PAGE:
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I see that Django's urlencode filter doesn't encode slash by default:

https://docs.djangoproject.com/en/dev/ref/templates/builtins/?from=olddocs#urlencode

I know I can make it encode the slash, but why doesn't it do it by default? Isn't it accepted behavior to encode the slash, given that it's a reserved character in URLs?

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Let's see some use cases! –  Yuji 'Tomita' Tomita Feb 6 '13 at 0:36
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Read this stackoverflow.com/questions/1957115/… –  catherine Feb 6 '13 at 1:28

1 Answer 1

From the Django source, urlencode is basically a wrapper around Django's urlquote utility method. From the comments in the source, urlquote is a UTF-8-safe version of urllib.quote.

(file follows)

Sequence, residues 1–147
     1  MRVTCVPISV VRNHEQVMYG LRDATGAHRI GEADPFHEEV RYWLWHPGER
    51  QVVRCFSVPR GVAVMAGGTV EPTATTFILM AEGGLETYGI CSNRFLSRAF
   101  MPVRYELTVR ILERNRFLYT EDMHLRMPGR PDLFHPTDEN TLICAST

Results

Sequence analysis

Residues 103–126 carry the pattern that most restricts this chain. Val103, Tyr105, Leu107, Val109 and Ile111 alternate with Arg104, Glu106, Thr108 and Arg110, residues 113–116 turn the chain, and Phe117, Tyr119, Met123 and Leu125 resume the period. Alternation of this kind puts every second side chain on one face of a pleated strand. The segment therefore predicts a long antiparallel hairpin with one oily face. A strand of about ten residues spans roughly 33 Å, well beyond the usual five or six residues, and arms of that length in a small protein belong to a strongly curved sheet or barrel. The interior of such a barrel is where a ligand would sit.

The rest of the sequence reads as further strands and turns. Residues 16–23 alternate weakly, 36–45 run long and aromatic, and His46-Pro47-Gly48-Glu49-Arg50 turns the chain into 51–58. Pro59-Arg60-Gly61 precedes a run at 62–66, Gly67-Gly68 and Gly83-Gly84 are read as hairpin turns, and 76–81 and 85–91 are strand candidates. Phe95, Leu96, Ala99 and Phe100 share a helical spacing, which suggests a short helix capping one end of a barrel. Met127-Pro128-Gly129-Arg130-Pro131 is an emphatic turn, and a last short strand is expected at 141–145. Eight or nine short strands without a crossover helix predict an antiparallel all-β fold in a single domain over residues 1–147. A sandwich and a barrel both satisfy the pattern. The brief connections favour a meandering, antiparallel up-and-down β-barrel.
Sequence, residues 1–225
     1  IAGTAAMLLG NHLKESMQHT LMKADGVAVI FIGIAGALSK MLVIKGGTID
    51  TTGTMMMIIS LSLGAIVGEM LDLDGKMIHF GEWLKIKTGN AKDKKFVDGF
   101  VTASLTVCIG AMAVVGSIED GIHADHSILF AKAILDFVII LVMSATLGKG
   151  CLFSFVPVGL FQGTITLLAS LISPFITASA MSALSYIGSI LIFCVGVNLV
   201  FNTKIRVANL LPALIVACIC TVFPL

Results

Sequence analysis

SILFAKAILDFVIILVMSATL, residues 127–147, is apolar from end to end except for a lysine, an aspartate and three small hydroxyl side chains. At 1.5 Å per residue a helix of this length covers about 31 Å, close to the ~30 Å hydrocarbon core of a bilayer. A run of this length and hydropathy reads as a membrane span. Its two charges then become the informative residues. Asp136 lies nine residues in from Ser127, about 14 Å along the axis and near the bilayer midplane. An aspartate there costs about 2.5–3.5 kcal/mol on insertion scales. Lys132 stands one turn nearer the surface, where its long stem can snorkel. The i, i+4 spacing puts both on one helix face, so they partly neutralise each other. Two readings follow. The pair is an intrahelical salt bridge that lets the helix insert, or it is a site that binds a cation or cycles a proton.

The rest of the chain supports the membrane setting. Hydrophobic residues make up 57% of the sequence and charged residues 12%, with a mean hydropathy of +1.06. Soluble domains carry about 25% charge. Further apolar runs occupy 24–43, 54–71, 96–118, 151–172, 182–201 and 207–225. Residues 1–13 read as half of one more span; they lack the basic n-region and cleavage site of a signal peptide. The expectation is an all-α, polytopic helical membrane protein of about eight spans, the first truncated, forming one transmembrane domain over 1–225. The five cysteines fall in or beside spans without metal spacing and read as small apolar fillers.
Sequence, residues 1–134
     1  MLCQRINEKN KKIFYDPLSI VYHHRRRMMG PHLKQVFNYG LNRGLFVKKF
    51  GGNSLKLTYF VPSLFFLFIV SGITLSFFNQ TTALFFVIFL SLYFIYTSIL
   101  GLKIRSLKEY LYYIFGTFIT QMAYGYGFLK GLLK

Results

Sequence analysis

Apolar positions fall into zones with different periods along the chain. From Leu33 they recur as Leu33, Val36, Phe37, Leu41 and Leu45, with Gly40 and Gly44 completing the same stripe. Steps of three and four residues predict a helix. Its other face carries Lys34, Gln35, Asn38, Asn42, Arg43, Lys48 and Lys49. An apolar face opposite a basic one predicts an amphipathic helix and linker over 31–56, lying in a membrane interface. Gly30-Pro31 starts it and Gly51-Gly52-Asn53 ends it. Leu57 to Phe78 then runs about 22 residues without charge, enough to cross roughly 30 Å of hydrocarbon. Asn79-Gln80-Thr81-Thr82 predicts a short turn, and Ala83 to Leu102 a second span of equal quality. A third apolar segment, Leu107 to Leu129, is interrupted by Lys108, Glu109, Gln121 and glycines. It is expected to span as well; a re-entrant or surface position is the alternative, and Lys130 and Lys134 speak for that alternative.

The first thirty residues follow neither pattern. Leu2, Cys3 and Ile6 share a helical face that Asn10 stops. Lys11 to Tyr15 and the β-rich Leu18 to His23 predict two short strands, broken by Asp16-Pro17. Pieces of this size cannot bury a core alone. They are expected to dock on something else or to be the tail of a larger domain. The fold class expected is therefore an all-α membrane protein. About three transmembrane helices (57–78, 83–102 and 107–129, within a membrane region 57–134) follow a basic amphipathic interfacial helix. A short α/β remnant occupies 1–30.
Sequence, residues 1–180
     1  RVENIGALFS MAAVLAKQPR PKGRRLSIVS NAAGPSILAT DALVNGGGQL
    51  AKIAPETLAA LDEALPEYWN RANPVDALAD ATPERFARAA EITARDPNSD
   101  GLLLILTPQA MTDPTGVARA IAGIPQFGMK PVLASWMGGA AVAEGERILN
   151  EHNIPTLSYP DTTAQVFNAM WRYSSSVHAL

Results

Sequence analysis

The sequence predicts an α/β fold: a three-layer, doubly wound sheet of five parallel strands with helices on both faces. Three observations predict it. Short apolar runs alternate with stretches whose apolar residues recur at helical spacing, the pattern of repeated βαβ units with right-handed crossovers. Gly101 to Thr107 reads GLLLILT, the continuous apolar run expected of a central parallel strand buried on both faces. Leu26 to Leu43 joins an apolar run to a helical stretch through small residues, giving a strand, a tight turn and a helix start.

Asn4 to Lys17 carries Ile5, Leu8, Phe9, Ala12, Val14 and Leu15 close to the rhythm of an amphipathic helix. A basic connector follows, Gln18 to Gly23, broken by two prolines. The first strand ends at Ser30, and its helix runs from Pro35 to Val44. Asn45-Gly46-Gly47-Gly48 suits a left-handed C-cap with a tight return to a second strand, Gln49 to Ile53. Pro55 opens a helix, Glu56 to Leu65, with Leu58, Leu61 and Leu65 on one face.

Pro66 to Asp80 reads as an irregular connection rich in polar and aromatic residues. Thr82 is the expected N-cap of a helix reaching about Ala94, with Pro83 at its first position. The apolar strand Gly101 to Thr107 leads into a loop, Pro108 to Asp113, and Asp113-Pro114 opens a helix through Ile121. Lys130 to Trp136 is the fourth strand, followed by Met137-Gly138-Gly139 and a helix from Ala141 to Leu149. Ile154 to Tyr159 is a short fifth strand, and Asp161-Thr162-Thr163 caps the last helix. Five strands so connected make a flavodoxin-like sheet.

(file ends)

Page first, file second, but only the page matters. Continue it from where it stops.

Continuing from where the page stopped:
So urlencode is using the same defaults as python's urllib.quote, and the reason that urllib.quote does not escape slashes can be found in the documentation:

Replace special characters in string using the %xx escape. Letters, digits, and the characters '_.-' are never quoted. By default, this function is intended for quoting the path section of the URL. The optional safe parameter specifies additional characters that should not be quoted — its default value is '/'.

So, the reason is that it's escaping the path, and '/' is a perfectly expected and valid character within a path.

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